intellectualer:

So this person Lulemee makes Disney Princess Barbie Dolls look like they are straight out of the movies

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Anna is ready to finally build fucking snowman

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Elsa looking fine in that dress

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My main bitch Pocahontas lookin like shes ready to slay some white people

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Aroura lookin…

thelovelymocker:

Wanting to be someone else is a waste of the person you actually are.” Marilyn Monroe

Nothing is impossible, why, even the word itself says I’m possible.” Audrey Hepburn

Most people often associate Marilyn Monroe with the stereotypical dumb blonder or gold digger and, on the contrary, the broad public compare Audrey Hepburn to intelligence and sincerity. Despite the truthful declaration upon Audrey’s character, it saddens me to still be exposed to those who do not genuinely know what acting consists of.

Marilyn Monroe played the part of the dumb blonde because they offered the roles to a desperate aspiring actress in need for work and money. Thus, she took them and portrayed the women flawlessly. Eventually, she resented the iconic gold digger her reputation was turning into and so decided to pursue more ambitious pursuits, such as: starting her own independent film company (being the third woman to do so), advocating for civil rights, bring attention to sexual abuse, give a new perspective to women’s bodies and what sex really constitutes, participating in several charities, taking up the hobby of reading authors such as Whitman and Freud, and talking extra academic courses to brush up on her mental exercises.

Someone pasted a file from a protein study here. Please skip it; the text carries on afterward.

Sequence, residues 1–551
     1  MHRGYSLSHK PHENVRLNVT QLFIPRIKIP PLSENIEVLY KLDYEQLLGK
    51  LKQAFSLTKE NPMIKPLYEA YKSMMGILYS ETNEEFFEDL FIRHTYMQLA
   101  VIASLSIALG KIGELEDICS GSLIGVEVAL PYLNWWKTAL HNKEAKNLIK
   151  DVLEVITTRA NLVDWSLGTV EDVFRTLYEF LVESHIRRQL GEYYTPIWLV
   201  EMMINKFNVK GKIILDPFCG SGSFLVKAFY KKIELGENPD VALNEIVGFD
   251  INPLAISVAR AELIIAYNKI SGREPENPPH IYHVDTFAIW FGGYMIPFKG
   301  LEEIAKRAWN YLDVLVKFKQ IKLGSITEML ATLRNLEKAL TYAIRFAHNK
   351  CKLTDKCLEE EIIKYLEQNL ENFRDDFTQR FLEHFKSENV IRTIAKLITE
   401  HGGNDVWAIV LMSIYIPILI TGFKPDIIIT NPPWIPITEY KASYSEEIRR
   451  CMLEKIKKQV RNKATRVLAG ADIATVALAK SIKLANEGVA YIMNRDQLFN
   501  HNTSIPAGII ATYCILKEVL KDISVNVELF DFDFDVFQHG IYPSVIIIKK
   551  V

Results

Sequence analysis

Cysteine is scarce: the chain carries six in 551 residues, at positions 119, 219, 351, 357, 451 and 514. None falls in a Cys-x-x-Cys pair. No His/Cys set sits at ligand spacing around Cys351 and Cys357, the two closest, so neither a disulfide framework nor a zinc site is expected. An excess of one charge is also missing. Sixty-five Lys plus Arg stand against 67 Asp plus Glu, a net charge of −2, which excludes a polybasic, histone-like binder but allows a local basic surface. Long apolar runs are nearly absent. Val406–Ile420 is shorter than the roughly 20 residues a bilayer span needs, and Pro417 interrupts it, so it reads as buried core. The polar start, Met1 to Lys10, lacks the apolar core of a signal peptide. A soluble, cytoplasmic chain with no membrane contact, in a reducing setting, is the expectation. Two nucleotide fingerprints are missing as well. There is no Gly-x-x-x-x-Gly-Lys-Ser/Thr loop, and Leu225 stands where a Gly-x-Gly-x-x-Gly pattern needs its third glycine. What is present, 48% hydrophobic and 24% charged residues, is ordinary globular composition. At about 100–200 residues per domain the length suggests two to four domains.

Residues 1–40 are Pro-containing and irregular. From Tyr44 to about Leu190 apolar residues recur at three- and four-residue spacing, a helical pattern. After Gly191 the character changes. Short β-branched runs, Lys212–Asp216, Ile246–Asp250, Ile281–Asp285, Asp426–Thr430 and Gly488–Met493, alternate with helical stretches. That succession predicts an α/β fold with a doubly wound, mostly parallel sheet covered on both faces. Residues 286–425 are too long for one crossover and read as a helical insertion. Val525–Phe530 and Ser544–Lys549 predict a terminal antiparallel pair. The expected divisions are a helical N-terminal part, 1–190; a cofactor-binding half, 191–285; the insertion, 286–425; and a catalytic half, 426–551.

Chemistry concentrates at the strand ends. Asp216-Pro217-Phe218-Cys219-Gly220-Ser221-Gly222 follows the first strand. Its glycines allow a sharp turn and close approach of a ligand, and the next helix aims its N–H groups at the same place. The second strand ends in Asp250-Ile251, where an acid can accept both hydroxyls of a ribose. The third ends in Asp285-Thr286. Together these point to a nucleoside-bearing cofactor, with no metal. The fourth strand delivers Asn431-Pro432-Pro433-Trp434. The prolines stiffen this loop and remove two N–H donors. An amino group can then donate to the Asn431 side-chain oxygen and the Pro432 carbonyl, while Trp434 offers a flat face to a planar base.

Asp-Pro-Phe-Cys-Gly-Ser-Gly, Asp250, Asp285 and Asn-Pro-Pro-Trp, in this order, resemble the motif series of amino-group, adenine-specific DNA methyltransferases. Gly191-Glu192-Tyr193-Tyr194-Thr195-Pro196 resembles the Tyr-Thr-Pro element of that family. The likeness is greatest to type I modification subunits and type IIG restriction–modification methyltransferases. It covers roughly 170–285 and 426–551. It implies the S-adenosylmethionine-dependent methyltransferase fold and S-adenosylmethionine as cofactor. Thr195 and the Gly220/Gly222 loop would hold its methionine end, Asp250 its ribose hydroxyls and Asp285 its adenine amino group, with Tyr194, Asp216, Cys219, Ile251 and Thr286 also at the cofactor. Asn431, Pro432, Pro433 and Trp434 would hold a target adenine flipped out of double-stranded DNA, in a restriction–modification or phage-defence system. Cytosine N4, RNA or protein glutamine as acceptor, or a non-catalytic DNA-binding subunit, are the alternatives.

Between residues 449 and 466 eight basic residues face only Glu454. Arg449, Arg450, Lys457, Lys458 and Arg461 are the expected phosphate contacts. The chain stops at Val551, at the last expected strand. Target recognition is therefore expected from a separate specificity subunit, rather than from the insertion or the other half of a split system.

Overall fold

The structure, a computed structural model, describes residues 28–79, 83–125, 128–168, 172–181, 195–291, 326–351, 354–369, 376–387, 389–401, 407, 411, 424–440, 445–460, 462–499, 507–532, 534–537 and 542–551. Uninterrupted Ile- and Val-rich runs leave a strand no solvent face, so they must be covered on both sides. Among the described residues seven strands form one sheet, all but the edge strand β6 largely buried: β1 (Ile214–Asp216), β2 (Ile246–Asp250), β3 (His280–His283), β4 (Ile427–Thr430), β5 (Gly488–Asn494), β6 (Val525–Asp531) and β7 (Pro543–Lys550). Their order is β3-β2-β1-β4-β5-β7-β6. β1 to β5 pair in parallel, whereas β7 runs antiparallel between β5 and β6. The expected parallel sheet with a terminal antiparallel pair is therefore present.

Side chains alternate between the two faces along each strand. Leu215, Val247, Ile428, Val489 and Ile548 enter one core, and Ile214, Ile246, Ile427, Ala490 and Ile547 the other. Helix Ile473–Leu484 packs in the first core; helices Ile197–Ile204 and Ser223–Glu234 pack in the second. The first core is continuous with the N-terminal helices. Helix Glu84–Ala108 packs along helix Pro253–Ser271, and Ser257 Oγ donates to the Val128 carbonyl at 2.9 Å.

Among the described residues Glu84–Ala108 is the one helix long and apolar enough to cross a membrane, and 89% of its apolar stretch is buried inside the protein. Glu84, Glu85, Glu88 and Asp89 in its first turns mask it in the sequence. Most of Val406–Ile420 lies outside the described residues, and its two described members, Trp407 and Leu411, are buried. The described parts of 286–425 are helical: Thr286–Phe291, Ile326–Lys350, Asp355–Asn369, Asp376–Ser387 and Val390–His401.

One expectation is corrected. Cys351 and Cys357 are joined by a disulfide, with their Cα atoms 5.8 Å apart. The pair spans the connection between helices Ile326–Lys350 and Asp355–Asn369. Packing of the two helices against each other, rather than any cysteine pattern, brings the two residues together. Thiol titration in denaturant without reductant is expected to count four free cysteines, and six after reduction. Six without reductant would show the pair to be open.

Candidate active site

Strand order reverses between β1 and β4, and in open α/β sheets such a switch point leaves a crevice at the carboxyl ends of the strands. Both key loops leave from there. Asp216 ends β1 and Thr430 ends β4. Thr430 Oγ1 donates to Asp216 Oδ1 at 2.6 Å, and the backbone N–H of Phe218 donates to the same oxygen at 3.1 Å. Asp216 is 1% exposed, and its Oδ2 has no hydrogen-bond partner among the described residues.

The only difference between these two genius, beautiful women is one crucial element that all women must have in order to survive this cruel, indignant world we are subjected to: confidence. Audrey knew herself and had all the grace she could possibly manage. As she grew older, and aged physically, she parted her time between herself and those who found themselves in misfortune. Marilyn, on the other hand, could not cope with people taunting and labeling her. She fatally misplaced her sense of security with a withdrawn husband who eventually left her for her desperate need for stability and support, ending her magnificent, tragic life shortly.

So yes, Marilyn knew the value of being oneself, but she relied to heavily to be accepted as herself. 

Audrey knew she was flawless and had the power to do whatever she wished, so she lived on in happiness.

A fundamental lesson we must all learn from these two legendarily beautiful women.

sadness-and-memories:

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man-itfeelslikespaceagain:

Tumblr on We Heart It.

nanoshinonome:

nanoshinonome:

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all of my followers are dalmations

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cruella deville strikes again

(Source: clearsama, via harlequin-harlot)

shinydiscopaul:

godmuva:

"Think positive thoughts :)"

*thinks about dick*

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(via dickgrayzon)

gifted-sandbox:

Source
theniftyfifties:

Marilyn Monroe - passport photo, 1954

theniftyfifties:

Marilyn Monroe - passport photo, 1954

(Source: missmonroes)

jackiefarrell:

Kat Dennings’ curves appreciation post

(Source: kat-dennings, via professionalqueen)

(Source: tmntcest, via m4dtown)

dollar-dollar:

Drew Barrymore at the 1995 MTV Video Music Awards

dollar-dollar:

Drew Barrymore at the 1995 MTV Video Music Awards

(Source: suicideblonde, via 90s90s90s)

(Source: m4dtown)

bunnyfood:

(via hobolunchbox)